($200; 14.5% alcohol; screw cap)
While the Red Winemaking Trial (RWT) was from its 1995 conception intended to showcase top-flight Barossa Shiraz in the finest French – not American – oak, this release sees even that fine, spicy timber surrendering to a rise of pure, intense fruit.
So sweet little ‘sixteen grew the pizazz and sass required to dominate both American and French forests. I mean there’s plenty of that gingery, cardamom/cumin/citrus-rind French oak here, but like the 707, it’s in the grip of whipsnake elegant fruit that’s as intense and impenetrable as lithe.
While they’re chalk-and-cheese in variety, philosophy and style, both 798 and 707 are this year distinguished by their lovely staunch acidity and persistent tannins. It’s brilliant, energetic Barossa Shiraz that’s quite the opposite of lumberjacked jammy gloop that far too much Shiraz became over the last 20 years.
This red winemaking trial looks like it worked. I’d be tempted to call it the Red Winemaking Correction. All boxes ticked.
Penfolds Magill Estate Shiraz 2016
($150; 14.5% alcohol; cork)
It amuses me that this vineyard, the surviving heart of Dr and Mary Penfold’s Grange, is perhaps the most conventionally-styled of these front-row Penfolds reds. It’s pretty and perfumed – musk sticks – at the more frivolous end of its aromatic spectrum, with the classic Magill tones of black tea leaf and star anise decorating buckets of mulberries and blackberries down the deep soul end.
In common with the other 2016s, the wine is marked by its lissom acidity and long fine slaty tannins.
Without getting the sophistry many other Penfolds premiums are awarded in the cellar, this more demure wine actually reaches further into the Penfolds past than the more ostentatious and elaborate post-war extremes. It’s a tidy, well-kept glass of the history of winegrowing on the Adelaide Plain and its rubbley piedmont.
Too easily overlooked now, this is the one I’d be reaching for in seven or eight years. By then it’ll be very much like something dainty you’d find – at a similar price – on the alluvial rubbles at the mouth of the Rhône Gorge.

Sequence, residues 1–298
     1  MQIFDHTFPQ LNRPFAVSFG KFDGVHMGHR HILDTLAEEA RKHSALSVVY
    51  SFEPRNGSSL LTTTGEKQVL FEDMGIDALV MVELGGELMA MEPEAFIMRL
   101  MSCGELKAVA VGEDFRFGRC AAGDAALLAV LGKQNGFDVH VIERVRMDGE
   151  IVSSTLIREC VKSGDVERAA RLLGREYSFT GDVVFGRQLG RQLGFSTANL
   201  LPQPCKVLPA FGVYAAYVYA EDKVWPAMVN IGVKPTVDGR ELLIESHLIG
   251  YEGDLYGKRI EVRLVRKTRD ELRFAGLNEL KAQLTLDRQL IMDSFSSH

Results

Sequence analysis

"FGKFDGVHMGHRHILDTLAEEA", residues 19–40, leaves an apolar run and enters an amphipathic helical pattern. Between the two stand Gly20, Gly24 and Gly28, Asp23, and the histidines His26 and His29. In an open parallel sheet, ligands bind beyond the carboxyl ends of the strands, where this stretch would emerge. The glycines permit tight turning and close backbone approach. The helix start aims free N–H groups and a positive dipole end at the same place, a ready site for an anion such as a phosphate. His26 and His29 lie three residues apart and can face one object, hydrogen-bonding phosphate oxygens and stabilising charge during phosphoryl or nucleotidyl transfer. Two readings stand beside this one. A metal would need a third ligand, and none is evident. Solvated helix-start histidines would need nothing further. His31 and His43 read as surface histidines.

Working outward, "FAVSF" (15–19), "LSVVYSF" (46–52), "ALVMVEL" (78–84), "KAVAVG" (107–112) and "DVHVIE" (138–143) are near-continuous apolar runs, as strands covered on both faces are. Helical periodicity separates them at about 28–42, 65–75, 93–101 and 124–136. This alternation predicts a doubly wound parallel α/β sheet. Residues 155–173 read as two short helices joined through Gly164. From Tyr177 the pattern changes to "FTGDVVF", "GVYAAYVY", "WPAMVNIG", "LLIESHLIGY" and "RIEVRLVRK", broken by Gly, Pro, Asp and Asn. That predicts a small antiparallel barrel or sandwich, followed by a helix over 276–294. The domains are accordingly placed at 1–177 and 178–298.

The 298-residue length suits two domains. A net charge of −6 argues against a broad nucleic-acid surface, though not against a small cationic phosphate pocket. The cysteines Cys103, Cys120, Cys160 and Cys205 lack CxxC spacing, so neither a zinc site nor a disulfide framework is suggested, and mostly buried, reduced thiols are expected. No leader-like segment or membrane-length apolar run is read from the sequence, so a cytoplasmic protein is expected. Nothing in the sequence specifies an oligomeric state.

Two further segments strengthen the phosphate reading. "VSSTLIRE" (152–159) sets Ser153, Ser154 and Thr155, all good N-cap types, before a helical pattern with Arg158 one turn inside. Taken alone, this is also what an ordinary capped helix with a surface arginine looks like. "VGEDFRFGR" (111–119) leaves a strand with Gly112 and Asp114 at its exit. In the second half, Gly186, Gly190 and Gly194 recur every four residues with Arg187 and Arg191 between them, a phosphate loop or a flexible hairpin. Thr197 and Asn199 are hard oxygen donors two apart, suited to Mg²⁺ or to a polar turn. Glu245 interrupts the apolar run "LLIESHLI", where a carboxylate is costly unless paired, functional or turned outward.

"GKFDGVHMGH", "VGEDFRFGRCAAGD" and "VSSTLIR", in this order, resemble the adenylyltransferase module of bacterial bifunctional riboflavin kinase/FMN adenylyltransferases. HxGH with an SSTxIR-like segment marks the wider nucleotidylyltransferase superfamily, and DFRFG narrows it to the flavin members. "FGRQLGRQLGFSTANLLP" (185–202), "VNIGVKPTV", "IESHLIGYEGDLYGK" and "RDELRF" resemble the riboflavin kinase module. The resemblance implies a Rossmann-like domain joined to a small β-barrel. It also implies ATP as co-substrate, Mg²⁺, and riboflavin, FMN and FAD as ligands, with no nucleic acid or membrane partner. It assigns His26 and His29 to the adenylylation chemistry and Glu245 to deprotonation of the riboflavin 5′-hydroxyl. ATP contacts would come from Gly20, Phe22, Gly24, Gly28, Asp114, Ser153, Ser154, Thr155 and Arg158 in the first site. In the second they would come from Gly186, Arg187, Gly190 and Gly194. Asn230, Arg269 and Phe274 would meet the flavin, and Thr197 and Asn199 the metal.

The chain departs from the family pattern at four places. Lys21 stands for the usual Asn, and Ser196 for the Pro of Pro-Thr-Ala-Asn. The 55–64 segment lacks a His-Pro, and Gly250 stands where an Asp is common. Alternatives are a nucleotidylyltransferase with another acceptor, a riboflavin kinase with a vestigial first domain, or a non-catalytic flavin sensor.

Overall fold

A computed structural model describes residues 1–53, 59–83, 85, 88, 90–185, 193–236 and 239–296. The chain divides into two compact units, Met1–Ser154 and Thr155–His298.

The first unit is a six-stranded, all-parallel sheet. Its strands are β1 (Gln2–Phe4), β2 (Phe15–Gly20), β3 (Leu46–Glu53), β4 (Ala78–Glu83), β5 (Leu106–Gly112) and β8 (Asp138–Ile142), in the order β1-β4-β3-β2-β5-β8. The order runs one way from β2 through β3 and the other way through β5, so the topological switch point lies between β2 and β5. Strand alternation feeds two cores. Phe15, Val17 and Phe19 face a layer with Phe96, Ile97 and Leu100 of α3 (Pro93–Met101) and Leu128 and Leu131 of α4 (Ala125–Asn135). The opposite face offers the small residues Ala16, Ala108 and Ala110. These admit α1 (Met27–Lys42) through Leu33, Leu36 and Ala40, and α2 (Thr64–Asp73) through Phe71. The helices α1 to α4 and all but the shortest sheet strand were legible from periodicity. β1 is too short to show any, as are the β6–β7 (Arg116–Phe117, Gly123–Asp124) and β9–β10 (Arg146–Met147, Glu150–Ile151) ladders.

Penfolds St Henri Shiraz 2015
($135; 14.5% alcohol; screw cap)
Once again, this is a fruitcake collection of the best little berries the Gago gang could wrangle and extract from right across the state. Done and dealt. But here it all goes into big old oak tanks to chill out and mellow with none of the taut anxiety stiff new tight-grained barrels offer, whether from France or Missouri.
Musky confectioners’ sugar dusts the topnote here; below that there’s the usual deep well of orange-to-black Medlar gels. I’ve seen the label, of course, so I know what it is, and of course I’m far too aware of the size of the spend, but by this stage of the sniff, I’m a goner. This is the bargain of the bunch.
Winemaking costs a lot less if you don’t over-oak everything with posh designer barrels.
Which leaves me to mention, dammit, these goddam prices. If you’re not already brow-beaten and bashed down and humiliated by the abject immoral ordure of the age and its evil, the annual Penfolds price hikes will knock out what’s left of your teeth, if not your spirit.
Obviously, enough people are capable of, and cool with, spends of this level to keep the coffers of Treasury Wine Estates flooded with the incoming Penfolds squirt, thank you Mr Gago. Not many wineries make a goddam pyramid every year, or a smug feline sphynx like that St Henri.
How I wish more of us could afford to contribute!
The 2014 Grange and the rest of the Penfolds Collection will be available for paid tasting and purchase at Penfolds Magill from October 17.